Lasers, Discs and Dragons: Remembering Don Bluth’s Dragon’s Lair

George Bachaelor looks back at the most famous of the laser-disc games

When animator Don Bluth agreed to animate an obscure laserdisc videogame tentatively titled “The Dragon’s Lair”, little did he know it would become one of his biggest successes…

Dragon’s Lair… Dragon’s Lair… ah yes Dragon’s Lair.

I remember that castle fantasy arcade game, the one that by 1986 when I first laid my eyes on it (in Australia), was always in the corner by itself and not many people playing it because it was more expensive than the 20c Galaga, Spy Hunter or Gyruss. Little did I know of the incredible story behind how Dragon’s Lair came to be. As a young teenager playing arcade games, I only marvelled at its amazing graphics but also baulked at playing it because of the high price per game. It was inherently different from every other arcade game in every possible way at the time of it’s release way back in 1983. Unlike every other pixelated sprite styled video game in the arcades, Dragon’s Lair has a most fascinating history to uncover, it became an instantly famous arcade game in America due to its unique cartoon animated graphics as well as its intriguing but frustrating gameplay. Still to this very day, Dragon’s Lair and its animated movie gameplay by Don Bluth are highly regarded in the history of video gaming. Its graphical style ventured into uncharted waters in a video gaming era where no one had ever seen or attempted to make an animated cartoon arcade game before. This the story of Dragon’s Lair and the person behind its animation, Don Bluth, of how it all came to be.

For me it was strange to see an animated game in the arcades and stranger still that it was not put together by a known arcade coder, developer or distributor. A pimply faced teen who was playing the latest arcade games the likes of Out Run, Yie Ar Kung Fu and Space Harrier (I was brought up on Konami, Sega and Atari arcade gaming), I was  completely unaware that Dragon’s Lair had been a major arcade gaming success upon its release, even being hailed as the saviour to the now infamous and highly reported 1983 video gaming industry meltdown. In arcades across the United States, during 1983, Dragon’s Lair had people queuing up outside the door just to play it. In a time when arcade video gaming was ruled by the likes of Frogger, Pac Man, Space Invaders and Pit Stop – Dragon’s Lair created gaming history, it was dare I say it, quite a video gaming phenomenon, as game players looked in astonishment at its amazing movie animated graphical display.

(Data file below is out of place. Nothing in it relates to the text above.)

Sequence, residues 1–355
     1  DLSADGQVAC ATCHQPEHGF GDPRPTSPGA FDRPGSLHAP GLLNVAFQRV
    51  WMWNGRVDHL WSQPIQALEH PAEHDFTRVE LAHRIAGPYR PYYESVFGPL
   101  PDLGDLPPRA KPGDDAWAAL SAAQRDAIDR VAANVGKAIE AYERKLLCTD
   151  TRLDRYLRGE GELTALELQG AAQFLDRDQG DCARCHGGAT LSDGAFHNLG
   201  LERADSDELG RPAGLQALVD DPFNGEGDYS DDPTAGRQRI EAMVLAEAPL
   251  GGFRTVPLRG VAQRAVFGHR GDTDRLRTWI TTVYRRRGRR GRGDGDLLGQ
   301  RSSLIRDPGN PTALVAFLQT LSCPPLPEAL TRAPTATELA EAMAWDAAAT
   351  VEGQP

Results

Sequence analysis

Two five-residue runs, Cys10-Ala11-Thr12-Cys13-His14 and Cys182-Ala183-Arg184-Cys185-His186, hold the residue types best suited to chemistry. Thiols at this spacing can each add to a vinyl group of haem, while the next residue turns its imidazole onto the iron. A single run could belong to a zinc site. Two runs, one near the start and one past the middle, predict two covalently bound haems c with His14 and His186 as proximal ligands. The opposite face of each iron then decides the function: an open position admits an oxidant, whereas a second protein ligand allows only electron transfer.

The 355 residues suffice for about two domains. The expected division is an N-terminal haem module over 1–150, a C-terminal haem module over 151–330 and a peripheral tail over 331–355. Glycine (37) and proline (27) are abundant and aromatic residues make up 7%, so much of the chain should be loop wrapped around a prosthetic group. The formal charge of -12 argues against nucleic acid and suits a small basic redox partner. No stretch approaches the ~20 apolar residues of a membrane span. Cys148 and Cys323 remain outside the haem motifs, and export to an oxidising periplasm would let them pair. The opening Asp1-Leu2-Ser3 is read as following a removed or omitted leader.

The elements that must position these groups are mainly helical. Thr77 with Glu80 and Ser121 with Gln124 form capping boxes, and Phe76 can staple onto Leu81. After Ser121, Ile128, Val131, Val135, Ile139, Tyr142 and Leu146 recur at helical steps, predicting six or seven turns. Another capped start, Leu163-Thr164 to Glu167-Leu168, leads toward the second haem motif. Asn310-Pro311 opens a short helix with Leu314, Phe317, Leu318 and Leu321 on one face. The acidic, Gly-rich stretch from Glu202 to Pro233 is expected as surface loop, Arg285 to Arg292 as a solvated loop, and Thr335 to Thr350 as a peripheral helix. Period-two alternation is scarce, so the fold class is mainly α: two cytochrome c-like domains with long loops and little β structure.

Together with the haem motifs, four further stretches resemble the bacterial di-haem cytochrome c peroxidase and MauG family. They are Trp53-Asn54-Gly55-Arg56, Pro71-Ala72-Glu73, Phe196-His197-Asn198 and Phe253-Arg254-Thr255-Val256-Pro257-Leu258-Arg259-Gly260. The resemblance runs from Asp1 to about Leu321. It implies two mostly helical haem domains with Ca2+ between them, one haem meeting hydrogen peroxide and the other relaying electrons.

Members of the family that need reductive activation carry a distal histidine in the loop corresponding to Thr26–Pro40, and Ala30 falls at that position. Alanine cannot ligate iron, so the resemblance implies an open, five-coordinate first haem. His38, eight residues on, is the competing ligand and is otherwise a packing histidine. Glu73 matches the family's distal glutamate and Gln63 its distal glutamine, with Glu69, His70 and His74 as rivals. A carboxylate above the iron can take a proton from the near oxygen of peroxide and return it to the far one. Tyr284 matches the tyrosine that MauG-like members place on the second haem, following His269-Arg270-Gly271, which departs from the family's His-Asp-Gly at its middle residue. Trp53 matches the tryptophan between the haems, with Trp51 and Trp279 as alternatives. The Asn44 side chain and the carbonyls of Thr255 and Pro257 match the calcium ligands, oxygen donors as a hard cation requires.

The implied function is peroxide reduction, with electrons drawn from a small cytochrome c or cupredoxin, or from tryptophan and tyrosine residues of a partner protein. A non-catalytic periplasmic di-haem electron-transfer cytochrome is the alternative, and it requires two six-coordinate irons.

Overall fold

As the first game at 50c per play it did not deter gamers, Newsweek captures the level of excitement displayed over the game stating “Dragon’s Lair is this summer’s hottest new toy: the first arcade game in the United States with a movie-quality image to go along with the action. The game has been devouring kids’ coins at top speed since it appeared early in July. People waited all day in the crush at Castle Park without getting to play, It’s the most awesome game I’ve ever seen in my life.” By the end of 1983, Electronic Games and Electronic Fun were rating Dragon’s Lair as the number one video arcade game in the USA, it received recognition as the most influential game of 1983, as regular computer graphics looked “rather elementary compared to Don Bluth’s top-quality animation”. By February of 1984, it was reported to have grossed over $32 million for arcade game distributor / publisher, Cinematronics.   

Don Bluth wasn’t an arcade game household name, so who was he exactly? Don had plied his trade as a film animator, film director, producer, writer and  production designer. As a young child from El Paso,Texas, in the 1940’s, he would ride his horse to the town movie theater to watch Disney films and is quoted as saying “then I’d go home and copy every Disney comic book I could find”. In the 1950’s he gained employment at Disney as an assistant but left soon after and in the late 1960’s he joined Filmation, working on layouts for The Archies. In the 1970’s he found himself again at Disney working on cartoons such as Robin Hood, Winnie the Pooh and Tigger Too, The Rescuers and directing animation on Pete’s Dragon. Then after he and about 11 other animators walked out of Disney in the late 1970’s, he ventured on his own, forming his own company as an independent production business. He is most noted for teaming up with Steven Spielberg in the 1980’s, making mega animated movie hits such as An American Tail (1986) and The Land Before Time (1988). So how did Don Bluth end up with animation credits for arcade video games, Dragon’s Lair and Space Ace?

First, let’s take a quick look at the technology behind the games themselves. While every other arcade game had microchips on a board, Dragon’s Lair, published by Cinematronics in 1983 was primarily powered by a few rom chips and at the heart of the machine and the game was a  Pioneer, Laserdisc, (model PR7820 and other Pioneer models after that). Technically it was far superior and ahead of its time, but not an acceptable or a well known format that the average arcade gaming punter may have realised was inside the arcade machine they were playing. How did this all play out you ask?